The state House has sent the Senate proposals to require Missourians to have photo IDs to vote. One proposal in the House would ask voters to change the state constitution so it would allow voter photo ID, and the other would create the structure in law for it.
A voter photo ID requirement was struck down by the state Supreme Court in 2006 because it required people to pay to get an ID, and any documents they would need to get one, such as a birth certificate.
The sponsor of the statutory language, Representative Justin Alferman (R-Hermann), says his bill addresses that concern.
“The tenants of which it was found to be an undue burden in 2006 was because we were not providing those documents, so yeah I would probably agree that was an undue burden,” said Alferman. He says under his bill, “If you do not have a license issued by the State of Missouri … the state of Missouri shall pay for one for you. If you do not have the source documentation to obtain a driver’s or a non-driver’s license, either that being from the State of Missouri or any other state, the State of Missouri will pay for the source documents.”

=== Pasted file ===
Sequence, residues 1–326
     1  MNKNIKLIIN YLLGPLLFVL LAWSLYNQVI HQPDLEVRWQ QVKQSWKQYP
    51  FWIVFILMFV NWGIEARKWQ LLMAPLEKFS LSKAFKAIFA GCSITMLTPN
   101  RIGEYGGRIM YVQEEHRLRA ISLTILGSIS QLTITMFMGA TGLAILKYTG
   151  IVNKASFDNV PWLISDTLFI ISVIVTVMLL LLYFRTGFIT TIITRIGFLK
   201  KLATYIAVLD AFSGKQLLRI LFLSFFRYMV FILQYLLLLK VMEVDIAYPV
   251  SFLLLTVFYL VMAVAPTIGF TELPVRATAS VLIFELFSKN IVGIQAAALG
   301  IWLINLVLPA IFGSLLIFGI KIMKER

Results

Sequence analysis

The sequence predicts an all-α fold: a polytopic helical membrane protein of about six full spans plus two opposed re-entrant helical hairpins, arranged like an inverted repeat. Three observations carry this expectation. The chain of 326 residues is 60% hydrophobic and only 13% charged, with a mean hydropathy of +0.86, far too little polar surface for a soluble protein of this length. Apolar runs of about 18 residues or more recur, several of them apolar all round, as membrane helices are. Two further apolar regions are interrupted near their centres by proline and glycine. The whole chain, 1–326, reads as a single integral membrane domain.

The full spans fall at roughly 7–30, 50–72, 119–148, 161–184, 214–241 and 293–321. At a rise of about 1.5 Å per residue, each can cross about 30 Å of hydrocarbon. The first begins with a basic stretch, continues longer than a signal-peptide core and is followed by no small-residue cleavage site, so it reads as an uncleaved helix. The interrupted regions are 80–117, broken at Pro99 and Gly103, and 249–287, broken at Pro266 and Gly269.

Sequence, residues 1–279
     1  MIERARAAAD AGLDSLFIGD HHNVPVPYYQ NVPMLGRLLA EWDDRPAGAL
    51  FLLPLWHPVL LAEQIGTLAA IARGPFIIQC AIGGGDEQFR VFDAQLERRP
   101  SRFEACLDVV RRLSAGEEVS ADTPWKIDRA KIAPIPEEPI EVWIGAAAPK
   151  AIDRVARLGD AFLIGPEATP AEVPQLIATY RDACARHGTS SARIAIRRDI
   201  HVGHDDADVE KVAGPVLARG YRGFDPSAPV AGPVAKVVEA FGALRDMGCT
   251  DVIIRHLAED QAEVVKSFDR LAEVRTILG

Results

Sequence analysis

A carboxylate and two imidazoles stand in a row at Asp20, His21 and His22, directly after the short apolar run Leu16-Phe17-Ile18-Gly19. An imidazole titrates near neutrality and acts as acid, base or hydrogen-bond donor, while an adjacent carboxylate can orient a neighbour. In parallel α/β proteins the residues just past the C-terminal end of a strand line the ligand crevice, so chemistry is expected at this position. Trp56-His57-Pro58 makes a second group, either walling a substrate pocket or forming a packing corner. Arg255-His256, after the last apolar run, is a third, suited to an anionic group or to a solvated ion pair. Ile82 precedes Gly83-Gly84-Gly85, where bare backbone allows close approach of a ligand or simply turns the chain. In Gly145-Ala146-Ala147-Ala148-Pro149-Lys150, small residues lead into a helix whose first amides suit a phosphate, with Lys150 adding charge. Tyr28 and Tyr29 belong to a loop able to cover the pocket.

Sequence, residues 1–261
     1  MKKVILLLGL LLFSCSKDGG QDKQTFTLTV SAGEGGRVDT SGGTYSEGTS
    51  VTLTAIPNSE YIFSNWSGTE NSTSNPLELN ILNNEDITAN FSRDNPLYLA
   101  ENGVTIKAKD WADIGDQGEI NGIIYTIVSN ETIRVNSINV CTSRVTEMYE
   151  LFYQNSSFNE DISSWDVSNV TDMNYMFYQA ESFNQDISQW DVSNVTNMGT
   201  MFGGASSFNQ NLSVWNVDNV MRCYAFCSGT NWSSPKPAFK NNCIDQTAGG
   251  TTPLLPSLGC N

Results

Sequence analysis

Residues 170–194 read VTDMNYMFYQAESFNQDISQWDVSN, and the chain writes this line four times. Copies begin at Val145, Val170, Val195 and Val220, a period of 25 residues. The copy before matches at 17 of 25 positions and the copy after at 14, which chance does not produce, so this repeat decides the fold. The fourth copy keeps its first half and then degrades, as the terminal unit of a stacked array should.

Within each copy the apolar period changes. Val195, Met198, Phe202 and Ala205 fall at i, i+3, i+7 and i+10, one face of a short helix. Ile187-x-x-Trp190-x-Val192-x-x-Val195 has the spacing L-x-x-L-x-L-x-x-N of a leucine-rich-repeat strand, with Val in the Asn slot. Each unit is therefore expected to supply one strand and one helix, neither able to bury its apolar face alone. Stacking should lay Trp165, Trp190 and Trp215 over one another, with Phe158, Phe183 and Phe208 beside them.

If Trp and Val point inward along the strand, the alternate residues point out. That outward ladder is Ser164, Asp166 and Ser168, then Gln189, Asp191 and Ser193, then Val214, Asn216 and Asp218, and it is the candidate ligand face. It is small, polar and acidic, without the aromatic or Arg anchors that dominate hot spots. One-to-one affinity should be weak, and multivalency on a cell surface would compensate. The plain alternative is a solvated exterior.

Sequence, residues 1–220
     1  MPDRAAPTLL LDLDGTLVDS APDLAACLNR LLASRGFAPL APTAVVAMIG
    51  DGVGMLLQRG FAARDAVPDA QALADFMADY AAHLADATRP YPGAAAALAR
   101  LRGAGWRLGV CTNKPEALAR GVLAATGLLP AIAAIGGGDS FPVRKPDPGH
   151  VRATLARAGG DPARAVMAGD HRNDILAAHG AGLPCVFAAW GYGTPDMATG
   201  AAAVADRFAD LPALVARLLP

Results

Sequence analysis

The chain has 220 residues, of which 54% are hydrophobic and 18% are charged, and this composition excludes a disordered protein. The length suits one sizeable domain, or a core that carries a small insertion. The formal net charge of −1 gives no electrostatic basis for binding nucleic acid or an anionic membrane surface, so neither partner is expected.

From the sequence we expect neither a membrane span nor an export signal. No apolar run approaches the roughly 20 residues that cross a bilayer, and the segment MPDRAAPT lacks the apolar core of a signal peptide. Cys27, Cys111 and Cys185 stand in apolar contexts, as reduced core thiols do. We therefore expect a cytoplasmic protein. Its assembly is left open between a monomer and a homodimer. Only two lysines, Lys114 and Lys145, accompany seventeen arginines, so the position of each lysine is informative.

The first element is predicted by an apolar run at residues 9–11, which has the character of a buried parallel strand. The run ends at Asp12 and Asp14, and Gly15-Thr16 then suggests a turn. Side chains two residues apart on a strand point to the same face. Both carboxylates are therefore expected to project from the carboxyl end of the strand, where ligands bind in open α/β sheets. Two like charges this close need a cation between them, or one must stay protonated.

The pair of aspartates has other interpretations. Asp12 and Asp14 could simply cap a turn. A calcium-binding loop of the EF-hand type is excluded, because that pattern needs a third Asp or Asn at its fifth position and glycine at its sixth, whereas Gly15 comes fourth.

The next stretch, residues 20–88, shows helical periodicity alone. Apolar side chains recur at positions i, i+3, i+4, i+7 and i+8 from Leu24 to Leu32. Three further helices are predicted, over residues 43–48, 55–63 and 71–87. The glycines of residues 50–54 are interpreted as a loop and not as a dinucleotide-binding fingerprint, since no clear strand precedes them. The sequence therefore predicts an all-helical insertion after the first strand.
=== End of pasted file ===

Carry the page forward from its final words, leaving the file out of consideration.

Like most Democrats, Representative Mike Colona (D-St. Louis) opposes voter photo ID. He asked Alferman how the state would pay for providing those IDs. The cost of his bill, in the first year after its implementation, is projected to be more than $10-million.
“Where’s the money going to come from? Do you want to take it from education? Do you want to take it from Mental Health? Do you want to take it from … the Department of Labor? Do you want to take it from our Conservation Department? Do you want to take it away from the legislature?”
Under Alferman’s bill, in any year the legislature and governor don’t agree to provide money to pay for people’s IDs and source documents, the voter photo ID requirement would be suspended.
Representative Judy Morgan (D-Kansas City) say it could rob some people of the right to vote, and isn’t necessary.
“No one can give recent, specific examples, documented and prosecuted, of the type of voter fraud that voter photo ID could prevent, and that’s voter impersonation. That’s why I have voted against these bills in the past and why I’ll vote against them today,” said Morgan.
The state Senate has its own version of those bills that have had a Senate committee hearing, but have not been voted on.